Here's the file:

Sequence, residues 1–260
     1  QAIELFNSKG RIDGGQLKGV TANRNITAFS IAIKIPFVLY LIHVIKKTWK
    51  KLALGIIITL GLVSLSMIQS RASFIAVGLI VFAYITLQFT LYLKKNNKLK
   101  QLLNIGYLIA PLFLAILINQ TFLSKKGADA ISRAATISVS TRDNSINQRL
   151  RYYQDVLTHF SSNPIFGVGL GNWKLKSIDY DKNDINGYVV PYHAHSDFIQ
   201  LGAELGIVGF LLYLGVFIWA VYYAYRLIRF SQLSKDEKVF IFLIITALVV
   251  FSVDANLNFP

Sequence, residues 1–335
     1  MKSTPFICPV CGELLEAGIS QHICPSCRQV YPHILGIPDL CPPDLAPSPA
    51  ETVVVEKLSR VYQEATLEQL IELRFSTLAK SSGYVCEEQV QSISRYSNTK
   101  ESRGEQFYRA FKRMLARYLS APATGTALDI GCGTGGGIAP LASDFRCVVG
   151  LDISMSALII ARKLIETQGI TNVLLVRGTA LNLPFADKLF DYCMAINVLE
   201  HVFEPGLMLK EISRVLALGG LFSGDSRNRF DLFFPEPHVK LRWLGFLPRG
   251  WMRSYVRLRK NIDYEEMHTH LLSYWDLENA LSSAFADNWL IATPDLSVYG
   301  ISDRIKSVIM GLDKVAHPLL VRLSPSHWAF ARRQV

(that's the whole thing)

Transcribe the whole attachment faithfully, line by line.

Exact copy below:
Sequence, residues 1–260
     1  QAIELFNSKG RIDGGQLKGV TANRNITAFS IAIKIPFVLY LIHVIKKTWK
    51  KLALGIIITL GLVSLSMIQS RASFIAVGLI VFAYITLQFT LYLKKNNKLK
   101  QLLNIGYLIA PLFLAILINQ TFLSKKGADA ISRAATISVS TRDNSINQRL
   151  RYYQDVLTHF SSNPIFGVGL GNWKLKSIDY DKNDINGYVV PYHAHSDFIQ
   201  LGAELGIVGF LLYLGVFIWA VYYAYRLIRF SQLSKDEKVF IFLIITALVV
   251  FSVDANLNFP

Sequence, residues 1–335
     1  MKSTPFICPV CGELLEAGIS QHICPSCRQV YPHILGIPDL CPPDLAPSPA
    51  ETVVVEKLSR VYQEATLEQL IELRFSTLAK SSGYVCEEQV QSISRYSNTK
   101  ESRGEQFYRA FKRMLARYLS APATGTALDI GCGTGGGIAP LASDFRCVVG
   151  LDISMSALII ARKLIETQGI TNVLLVRGTA LNLPFADKLF DYCMAINVLE
   201  HVFEPGLMLK EISRVLALGG LFSGDSRNRF DLFFPEPHVK LRWLGFLPRG
   251  WMRSYVRLRK NIDYEEMHTH LLSYWDLENA LSSAFADNWL IATPDLSVYG
   301  ISDRIKSVIM GLDKVAHPLL VRLSPSHWAF ARRQV